My time devoted to pleasurable writing this week was disrupted by one of the most painful experiences in any corporate environment; yearly self evaluations. Each year I struggle, trying to find the fine line between self marketing and conceited boasting. Worse then blowing your own horn is trying to determine what areas of improvement to focus upon to counterbalance the bragging without exposing too many shortcomings. After over a week of writing in hour long clips, trying not to puke at the things I did over the past year and how they sound on paper, the yearly undertaking finally came to closure last night. To ensure I adhere to the writing goals set forth in my New Year’s Resolution list here are excerpts from my self evaluation; proof that I wrote some beautiful “non-fiction” prose this week.
Michelle partnered with Account Executives, Client Implementation and Sales to steward client goals and visions, interfacing throughout the organization to bridge silos of expertise with groups including Account Management, Marketing, Finance, Operations Delivery, Training, Reporting and IT while developing relationships to effectively execute strategy. During this process she began developing greater cross-product team relationships to drive long term strategies for product and operations integration efforts.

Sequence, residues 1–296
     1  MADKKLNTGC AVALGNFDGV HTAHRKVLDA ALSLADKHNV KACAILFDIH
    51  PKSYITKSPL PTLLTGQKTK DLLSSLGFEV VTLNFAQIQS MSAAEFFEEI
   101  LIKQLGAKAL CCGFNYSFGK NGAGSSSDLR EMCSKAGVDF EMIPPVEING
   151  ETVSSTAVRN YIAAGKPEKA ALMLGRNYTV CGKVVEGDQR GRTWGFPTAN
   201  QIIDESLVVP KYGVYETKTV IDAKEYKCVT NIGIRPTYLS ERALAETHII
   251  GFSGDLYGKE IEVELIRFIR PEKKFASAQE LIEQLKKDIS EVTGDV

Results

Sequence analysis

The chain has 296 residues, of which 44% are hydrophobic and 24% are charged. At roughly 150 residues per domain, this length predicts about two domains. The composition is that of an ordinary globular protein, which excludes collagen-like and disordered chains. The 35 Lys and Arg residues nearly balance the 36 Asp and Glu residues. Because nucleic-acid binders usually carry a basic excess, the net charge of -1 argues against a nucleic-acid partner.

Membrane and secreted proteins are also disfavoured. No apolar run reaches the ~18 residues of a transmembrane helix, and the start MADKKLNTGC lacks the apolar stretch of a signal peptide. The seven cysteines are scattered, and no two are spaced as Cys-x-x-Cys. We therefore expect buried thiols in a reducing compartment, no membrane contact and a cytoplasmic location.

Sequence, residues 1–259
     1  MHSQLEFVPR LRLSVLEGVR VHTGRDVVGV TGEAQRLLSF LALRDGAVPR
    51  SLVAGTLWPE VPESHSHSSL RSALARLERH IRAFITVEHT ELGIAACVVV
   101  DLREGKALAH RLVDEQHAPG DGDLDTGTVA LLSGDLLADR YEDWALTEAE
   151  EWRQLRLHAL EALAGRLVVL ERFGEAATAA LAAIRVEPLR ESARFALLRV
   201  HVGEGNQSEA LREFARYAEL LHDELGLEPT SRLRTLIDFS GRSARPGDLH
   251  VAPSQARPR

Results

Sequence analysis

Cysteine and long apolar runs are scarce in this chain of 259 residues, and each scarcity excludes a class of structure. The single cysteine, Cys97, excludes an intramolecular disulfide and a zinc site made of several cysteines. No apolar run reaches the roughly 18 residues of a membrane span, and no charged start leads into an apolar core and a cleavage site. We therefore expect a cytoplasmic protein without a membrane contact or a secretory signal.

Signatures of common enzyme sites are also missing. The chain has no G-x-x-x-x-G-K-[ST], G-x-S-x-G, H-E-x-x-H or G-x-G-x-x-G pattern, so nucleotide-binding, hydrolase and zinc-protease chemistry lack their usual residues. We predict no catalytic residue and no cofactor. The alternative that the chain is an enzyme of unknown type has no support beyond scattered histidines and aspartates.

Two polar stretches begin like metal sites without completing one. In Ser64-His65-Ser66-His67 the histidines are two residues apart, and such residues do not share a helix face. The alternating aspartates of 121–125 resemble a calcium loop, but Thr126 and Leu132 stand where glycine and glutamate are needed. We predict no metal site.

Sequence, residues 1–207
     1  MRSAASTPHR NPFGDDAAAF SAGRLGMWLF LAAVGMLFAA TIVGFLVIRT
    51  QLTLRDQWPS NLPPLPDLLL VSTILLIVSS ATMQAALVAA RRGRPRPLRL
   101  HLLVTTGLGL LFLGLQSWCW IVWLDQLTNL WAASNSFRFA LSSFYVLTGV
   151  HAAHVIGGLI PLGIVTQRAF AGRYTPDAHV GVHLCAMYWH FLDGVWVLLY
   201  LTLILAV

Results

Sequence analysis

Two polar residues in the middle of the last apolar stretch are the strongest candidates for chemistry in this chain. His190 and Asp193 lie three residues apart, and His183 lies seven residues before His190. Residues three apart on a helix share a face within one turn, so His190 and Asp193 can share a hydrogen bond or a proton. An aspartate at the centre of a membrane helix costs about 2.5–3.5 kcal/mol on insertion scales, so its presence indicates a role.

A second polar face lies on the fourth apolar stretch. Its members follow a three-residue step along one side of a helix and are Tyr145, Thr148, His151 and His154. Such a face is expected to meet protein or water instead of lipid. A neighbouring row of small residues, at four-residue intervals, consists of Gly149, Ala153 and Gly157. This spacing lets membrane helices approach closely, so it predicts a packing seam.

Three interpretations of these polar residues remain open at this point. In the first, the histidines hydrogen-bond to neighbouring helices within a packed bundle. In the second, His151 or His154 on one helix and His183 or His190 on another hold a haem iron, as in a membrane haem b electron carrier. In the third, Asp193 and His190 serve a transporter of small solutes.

Designed business and operational processes to ensure that populations with differing health and wellness requirements could receive the services they needed without sacrificing the integrity of the product line or success metrics while ensuring data designs supported outcomes reporting.
Michelle identified opportunities for process improvement, facilitated design and process enhancement workshops, executed process updates, educated stakeholders on process design best practices, authored and supported the development of business requirements, validated deliverables against business principles and goals, collaborated with cross-functional representatives and advocated change within the organization.
Michelle’s big picture understanding allowed her to recognize the broader needs and issues surrounding each product and functional area during her work with client solutioning to ensure issues were addressed and small decisions would have minimal impact on downstream teams and processes.
Michelle’s understanding of corporate and internal systems and her ability to translate business and operational needs into technical requirements is a great benefit to the organization. As she moves out of more tactically focused work Michelle needs to gain more experience driving operational strategy to fully capitalize on her background and abilities.
With this complete it is now time to focus more on my societal observations and less on my contribution to "the man."